Popular streaming platform, Twitch, has finally buckled under the pressure and agreed to ban channels who stream games played on unlicensed websites.
The streaming of gambling activity has been the topic of many debates over the last few years because it is still a relatively new concept, so there are no specific laws about it.
It’s incredibly difficult to police who watches a stream in terms of their age, so people who are underage can easily be exposed to gambling activity, whether it be real money gambling or gambling with CS:GO skins and the like.
Oh, you don’t know what CS:GO skins are?
Wait, you don’t know what Twitch is either?
Ok, let’s rewind a little bit and give everybody a chance to catch up.
What on Earth is Twitch?
If you are older than about 19 you might well be wondering what Twitch is.
Ok, that might be an exaggeration, we are old and we know what it is, but it isn’t particularly well known among those who might be described as middle aged.
Twitch is a streaming service, owned by Amazon, on which gamers and casino players and the like can play the games they enjoy and also broadcast what they are doing to anyone who might want to watch.
Viewers can see the hosts’ screen as well as the host themselves, and can talk to them via the chat room, give them awards and virtual gifts, and subscribe to their channels.
In this way, Twitchers – as they are known – can earn real money from their streaming, so the bigger their fan base, the more they can make.
This can put pressure on Twitchers to do things that attract an audience which in turn can encourage irresponsible behaviour, although many don’t need to do that or simply choose not to.
People who watch slot players or blackjack players etc. online on platforms like Youtube might also watch people playing on Twitch, making the platform an ideal ‘backroad’ type place to advertise for unlicensed websites.
As for CS:GO – it’s a video game that people play online, and ‘skins’ are basically just costumes for your in game character or their equipment; for example you might be able to change the way their weapon looks, or their uniform or whatever.
Some skins are rarer than others, and are therefore more sought after, and they can be traded between players too, like any other digital asset.
All caught up? Great stuff. We’ll move on.
Although Twitch doesn’t allow streamers to link directly to gambling sites of any kind or send out referral codes, the gambling content its’ users stream has not so far been restricted in any way.
In fact, streamers have been paid crazy money by gambling companies just to play games at online casinos, because the companies know what great marketing it is. If a streamer has an average viewer base of 50,000 people, that’s a lot of eyes on the brand.
These are mostly crypto casinos, who will pay streamers like ‘Trainwreck’ a reported $30,000 per hour to gamble with them via live stream.
Another streamer, who just so happens to be a member of a popular esports team called FaZe, even owns his own gambling website. It’s not crypto or real money gambling though, but gambling with those ‘skins’ we were talking about earlier.
The things are so popular that they have real money value and so can be used to bet with.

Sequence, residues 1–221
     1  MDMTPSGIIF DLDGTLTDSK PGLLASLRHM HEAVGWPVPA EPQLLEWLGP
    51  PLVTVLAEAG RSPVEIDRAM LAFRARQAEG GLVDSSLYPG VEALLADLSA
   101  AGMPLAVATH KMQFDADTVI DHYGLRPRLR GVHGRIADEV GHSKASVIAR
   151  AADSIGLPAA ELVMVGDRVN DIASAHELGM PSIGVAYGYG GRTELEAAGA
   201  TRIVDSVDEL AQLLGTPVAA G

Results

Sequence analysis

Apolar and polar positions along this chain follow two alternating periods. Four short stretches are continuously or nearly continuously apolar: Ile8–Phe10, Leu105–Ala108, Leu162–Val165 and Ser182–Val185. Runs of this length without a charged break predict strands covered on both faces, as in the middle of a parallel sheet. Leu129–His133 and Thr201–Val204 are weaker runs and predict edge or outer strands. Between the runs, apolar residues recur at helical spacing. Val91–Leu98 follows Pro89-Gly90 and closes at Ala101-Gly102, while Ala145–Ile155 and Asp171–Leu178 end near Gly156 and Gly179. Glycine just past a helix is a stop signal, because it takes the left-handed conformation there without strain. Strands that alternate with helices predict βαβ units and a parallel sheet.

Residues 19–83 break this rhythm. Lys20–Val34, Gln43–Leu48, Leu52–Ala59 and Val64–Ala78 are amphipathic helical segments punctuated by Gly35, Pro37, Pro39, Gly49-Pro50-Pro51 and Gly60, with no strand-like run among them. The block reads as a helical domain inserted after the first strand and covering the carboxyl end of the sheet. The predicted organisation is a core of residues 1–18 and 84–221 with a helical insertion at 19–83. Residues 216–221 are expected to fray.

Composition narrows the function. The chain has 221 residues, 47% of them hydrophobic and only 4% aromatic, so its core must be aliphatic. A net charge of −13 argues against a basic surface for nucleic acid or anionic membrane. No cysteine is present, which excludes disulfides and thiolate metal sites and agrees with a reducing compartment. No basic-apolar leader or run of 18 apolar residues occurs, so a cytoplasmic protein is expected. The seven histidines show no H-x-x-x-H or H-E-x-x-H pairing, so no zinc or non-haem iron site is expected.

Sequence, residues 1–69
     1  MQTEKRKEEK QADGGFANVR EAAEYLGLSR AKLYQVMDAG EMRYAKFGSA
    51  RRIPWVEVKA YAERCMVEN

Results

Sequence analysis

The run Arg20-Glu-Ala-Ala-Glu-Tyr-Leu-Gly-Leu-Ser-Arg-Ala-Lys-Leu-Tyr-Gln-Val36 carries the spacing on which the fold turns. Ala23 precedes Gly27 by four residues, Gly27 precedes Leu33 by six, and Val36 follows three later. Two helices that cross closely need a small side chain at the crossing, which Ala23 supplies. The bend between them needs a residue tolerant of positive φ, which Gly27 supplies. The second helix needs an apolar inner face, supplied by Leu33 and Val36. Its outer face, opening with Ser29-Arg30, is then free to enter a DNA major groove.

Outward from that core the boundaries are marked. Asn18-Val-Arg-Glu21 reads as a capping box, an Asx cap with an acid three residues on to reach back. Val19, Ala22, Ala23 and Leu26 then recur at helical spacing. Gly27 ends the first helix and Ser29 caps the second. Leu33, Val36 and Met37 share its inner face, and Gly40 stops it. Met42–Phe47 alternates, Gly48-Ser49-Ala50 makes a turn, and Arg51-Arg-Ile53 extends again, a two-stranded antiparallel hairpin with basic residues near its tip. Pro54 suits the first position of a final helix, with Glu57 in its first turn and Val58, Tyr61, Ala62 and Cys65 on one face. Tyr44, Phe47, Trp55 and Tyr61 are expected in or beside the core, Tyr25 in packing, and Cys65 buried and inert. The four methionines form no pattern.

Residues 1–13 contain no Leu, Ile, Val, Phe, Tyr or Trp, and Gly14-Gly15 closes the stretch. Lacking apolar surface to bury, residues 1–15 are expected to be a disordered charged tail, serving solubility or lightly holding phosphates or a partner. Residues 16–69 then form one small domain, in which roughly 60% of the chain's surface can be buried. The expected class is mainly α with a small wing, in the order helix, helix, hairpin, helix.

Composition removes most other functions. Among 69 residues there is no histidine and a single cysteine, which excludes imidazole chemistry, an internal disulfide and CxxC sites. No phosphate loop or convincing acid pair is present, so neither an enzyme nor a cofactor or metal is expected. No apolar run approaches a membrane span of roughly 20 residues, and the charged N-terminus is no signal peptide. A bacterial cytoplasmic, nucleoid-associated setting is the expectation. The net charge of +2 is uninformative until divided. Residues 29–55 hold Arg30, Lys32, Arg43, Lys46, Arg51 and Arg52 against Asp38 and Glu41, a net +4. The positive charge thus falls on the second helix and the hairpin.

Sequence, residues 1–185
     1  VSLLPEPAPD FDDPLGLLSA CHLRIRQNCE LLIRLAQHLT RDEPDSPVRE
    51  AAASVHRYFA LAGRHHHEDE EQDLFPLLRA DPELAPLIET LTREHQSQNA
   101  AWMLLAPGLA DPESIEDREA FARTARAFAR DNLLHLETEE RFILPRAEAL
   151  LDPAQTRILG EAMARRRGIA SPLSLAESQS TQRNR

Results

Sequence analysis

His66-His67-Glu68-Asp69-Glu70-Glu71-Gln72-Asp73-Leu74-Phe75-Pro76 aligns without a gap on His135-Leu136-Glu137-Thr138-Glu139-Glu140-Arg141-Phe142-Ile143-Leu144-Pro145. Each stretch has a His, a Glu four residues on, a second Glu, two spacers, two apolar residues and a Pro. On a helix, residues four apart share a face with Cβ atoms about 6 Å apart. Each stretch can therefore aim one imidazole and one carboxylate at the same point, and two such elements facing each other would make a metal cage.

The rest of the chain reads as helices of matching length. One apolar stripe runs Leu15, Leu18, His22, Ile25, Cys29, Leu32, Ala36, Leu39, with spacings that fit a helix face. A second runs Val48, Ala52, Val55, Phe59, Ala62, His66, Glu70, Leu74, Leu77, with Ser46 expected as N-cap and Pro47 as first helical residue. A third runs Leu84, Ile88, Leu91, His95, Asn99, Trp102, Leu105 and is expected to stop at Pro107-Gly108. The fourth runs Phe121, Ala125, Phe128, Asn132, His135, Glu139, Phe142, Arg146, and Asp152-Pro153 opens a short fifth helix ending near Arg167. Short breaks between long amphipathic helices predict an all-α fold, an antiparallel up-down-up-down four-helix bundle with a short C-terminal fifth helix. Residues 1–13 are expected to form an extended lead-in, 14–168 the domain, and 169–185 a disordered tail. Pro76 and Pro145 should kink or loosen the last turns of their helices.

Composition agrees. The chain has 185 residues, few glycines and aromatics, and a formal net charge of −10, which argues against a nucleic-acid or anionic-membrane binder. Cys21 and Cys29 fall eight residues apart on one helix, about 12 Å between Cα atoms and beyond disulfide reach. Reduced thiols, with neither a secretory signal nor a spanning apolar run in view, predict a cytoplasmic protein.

A statement from Twitch said:
While we prohibit sharing links or referral codes to all sites that include slots, roulette, or dice games, we’ve seen some people circumvent those rules and expose our community to potential harm.
“We’ll be making a policy update on 18 October to prohibit streaming of gambling sites that include slots, roulette, or dice games that aren’t licensed either in the US or other jurisdictions that provide sufficient consumer protection.
In layman’s terms, this means that only content streamed from websites like Casushi, Mr Q, and Play OJO will be allowed . Sites that are licensed and registered in the country you are watching from, such as those found on this site.
Interestingly, it’s other streamers who have been applying a lot of the pressure to the platform, even threatening to boycott it over Christmas if the issue of unlicensed gambling content isn’t addressed.
Many big creators on Twitch have been using #twitchstopgambling on Twitter to draw attention to the potential harm being caused to younger viewers by streamers promoting unhealthy gambling behaviour at unlicensed sites.
Why do People Watch Streamers Playing Slots/Blackjack/Poker etc?
It’s hard to say, and is probably a question with a number of different answers.
For some it might just be because they like feeling involved with something, or being part of a group – you tend to find that people watch the same streamers a lot, a bit like being a fan of a band and going to their concerts.
There may be people might not have the money to play themselves so get their kicks vicariously through others.
More still may want to watch to keep up to date with new games or learn new skills in the cases of blackjack and poker.
Twitch is a community of people at the end of the day, and slots players especially are increasingly popular, with a 66% bump in popularity since this time last year and around 50 million hours watched per month.
For the companies sponsoring some of these streams (we won’t name them as they are unlicensed and we don’t want anyone to get hurt by them), those sorts of numbers are too big to ignore.